Head south on Hornby Street, under the bridge and on the south shores of False Creek youll find Granville Island. Its part farmers market, part artist studio and part magnet for the creative and curious. Watch buskers, glassblowers, bakers and candlestick makers all peddle their wares. Entertain dreams of living in one of those thoroughly charming houseboats, feed the sea gulls, watch the kayakers. When its time to head back to the West End head to the end of the dock near the Arts Club Theatre and hop on board a False Creek Ferry and bob across to Science World or the Maritime Museum. From Science World youre not far from historical Chinatown home of the Sun Yat-sen Classical Chinese Garden and some of the most exotic seafood vendors this side of the Pacific.
If youre staying in one of our Museum Floor rooms you're probably curious about British Columbia's aboriginal First Nations culture. If so, you'll need to head out to the University of British Columbia's Museum of Anthropology to see their Haida longhouse, their forest of totems and the remarkable Bill Reid sculpture The Raven and the First Men, plus thousands of other artifacts. While you're there - if you're feeling brave - wander down the trail to Wreck Beach, one of the most famous nude beaches in the world!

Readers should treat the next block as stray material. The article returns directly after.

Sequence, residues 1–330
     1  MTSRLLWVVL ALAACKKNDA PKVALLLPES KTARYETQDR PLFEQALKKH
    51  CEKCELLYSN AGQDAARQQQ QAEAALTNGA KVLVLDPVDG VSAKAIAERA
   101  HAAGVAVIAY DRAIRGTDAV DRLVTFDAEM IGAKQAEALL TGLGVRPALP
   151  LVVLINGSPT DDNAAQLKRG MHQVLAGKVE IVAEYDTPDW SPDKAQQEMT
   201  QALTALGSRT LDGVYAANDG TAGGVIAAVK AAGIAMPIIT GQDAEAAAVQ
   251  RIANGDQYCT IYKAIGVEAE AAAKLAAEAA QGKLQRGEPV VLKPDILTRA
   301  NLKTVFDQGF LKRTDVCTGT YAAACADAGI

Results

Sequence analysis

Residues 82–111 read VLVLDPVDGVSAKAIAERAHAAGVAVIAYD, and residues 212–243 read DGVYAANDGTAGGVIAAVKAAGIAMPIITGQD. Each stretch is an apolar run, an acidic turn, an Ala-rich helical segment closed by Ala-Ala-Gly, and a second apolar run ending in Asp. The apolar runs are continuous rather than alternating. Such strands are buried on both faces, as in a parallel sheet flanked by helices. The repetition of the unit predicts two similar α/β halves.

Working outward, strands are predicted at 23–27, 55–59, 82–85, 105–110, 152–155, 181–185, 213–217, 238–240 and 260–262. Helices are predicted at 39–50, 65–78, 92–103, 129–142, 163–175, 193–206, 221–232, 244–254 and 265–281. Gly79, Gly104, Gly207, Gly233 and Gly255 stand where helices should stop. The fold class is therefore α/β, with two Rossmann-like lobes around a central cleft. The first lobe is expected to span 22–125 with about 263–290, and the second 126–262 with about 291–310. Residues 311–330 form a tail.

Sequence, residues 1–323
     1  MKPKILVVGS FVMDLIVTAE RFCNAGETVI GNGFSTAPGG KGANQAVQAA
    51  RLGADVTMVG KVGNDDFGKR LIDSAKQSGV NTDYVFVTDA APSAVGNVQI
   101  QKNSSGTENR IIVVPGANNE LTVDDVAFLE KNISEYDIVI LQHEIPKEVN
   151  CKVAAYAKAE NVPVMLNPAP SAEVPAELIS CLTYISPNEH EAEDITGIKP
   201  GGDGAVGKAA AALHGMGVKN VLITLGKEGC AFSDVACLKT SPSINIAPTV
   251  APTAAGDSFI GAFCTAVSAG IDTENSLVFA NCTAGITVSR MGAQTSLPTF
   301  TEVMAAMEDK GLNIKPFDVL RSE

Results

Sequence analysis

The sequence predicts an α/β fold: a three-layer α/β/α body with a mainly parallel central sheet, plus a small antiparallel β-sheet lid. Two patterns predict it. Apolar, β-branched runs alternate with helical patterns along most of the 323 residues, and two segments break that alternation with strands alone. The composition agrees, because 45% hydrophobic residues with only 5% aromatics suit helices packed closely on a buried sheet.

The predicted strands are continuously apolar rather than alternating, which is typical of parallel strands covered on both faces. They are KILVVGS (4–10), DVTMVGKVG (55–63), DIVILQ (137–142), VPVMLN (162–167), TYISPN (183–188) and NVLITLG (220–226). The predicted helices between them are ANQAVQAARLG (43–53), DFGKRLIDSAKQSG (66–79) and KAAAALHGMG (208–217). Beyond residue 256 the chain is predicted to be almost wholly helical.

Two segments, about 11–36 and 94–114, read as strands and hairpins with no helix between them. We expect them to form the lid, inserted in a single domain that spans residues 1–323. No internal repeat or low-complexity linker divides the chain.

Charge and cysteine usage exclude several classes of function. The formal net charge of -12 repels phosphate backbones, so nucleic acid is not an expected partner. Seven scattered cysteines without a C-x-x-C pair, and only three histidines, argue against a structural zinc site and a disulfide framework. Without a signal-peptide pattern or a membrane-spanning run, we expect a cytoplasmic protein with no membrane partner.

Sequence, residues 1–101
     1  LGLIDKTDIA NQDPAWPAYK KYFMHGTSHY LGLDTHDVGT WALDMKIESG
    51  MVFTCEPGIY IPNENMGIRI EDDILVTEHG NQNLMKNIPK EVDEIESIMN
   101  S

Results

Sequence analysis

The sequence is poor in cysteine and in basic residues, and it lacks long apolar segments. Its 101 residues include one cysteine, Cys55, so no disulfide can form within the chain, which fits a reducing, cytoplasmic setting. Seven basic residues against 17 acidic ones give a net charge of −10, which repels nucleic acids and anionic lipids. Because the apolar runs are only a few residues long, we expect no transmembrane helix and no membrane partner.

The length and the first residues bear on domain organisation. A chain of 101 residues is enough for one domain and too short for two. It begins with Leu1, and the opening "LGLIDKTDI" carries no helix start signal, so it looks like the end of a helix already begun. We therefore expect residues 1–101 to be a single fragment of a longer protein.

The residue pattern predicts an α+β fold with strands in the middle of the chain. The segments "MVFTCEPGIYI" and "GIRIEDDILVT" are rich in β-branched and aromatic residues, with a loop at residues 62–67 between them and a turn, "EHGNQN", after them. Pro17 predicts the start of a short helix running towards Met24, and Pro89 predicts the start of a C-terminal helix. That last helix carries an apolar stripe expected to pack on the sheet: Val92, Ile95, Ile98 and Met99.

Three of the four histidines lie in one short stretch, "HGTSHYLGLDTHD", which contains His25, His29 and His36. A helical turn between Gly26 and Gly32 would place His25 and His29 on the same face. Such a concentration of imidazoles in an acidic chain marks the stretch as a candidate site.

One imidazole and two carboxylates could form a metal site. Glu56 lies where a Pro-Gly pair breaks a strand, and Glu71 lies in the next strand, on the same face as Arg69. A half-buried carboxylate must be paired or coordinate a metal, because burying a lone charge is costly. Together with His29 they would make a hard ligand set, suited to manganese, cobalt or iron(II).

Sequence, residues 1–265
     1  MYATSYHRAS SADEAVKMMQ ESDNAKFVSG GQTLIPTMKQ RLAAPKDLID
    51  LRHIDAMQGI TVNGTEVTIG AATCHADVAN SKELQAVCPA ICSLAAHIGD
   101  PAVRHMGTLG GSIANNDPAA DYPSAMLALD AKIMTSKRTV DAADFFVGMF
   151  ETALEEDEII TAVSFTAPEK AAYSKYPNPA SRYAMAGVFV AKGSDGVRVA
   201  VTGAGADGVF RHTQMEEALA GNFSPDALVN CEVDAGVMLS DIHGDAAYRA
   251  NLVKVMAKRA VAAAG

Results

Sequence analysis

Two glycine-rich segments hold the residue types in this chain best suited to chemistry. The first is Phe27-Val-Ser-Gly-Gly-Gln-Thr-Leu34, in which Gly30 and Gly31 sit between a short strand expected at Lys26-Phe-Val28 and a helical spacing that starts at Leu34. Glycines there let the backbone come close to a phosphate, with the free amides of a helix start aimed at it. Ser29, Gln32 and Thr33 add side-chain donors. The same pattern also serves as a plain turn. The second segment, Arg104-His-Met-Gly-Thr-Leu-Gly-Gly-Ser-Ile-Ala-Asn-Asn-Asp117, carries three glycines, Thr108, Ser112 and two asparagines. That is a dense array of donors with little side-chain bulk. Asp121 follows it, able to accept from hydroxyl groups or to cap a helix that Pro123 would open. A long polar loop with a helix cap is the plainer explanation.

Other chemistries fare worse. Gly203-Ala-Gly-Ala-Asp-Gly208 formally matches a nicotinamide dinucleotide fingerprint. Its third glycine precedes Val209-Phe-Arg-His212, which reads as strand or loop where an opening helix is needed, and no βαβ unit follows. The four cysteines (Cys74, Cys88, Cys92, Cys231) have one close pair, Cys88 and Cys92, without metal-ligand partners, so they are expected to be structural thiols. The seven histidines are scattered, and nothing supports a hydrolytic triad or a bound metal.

Are you a garden fan, then check out Nitobe Gardens, the rose gardens at UBC, the VanDusen Gardens or the Queen Elizabeth Arboretum. The rose garden at Stanley Park is just north of Lost Lagoon and well worth strolling through. The city has countless community gardens, the Strathcona one is a favourite and well worth hunting for, it is off Prior Street near Hawkes. There are two great ones in the West End, Mole Hill is located in the lane between Comox and Pendrell, Bute and Thurlow and there is one right next to the Aquatic Centre (a great place for a swim by the way!)
For festival fiends there is the Vancouver International Jazz Festival, the Playhouse International Wine Festival, Writers and Readers Festival, Theatre under the Stars, Bard on the Beach, the Childrens Festival and some of the finest choirs and jazz performers anywhere - we have a lot of the latter right downstairs at O'Douls!
And whether you like to play or watch sports there is plenty to amuse. Over a dozen golf courses within the city limits, three great mountains beckoning hikers, skiers and snowboarders, and teams like the Canucks and Ravens and annual events like the Molson Indy are all waiting.
So get out there! Check out this city, its amazing sites and vistas, its restaurants and theatres. Take it all in, and come back again soon.
LWH Top 10 must see attractions
Stanley Park, Vancouver's first park, is an evergreen oasis of 400 hectares (1,000 acres) close to the heart of Vancouver's downtown core. Its natural west coast atmosphere offering a back drop of majestic cedar, hemlock and fir trees embraces visitors and transports them to an environment rich in tranquility.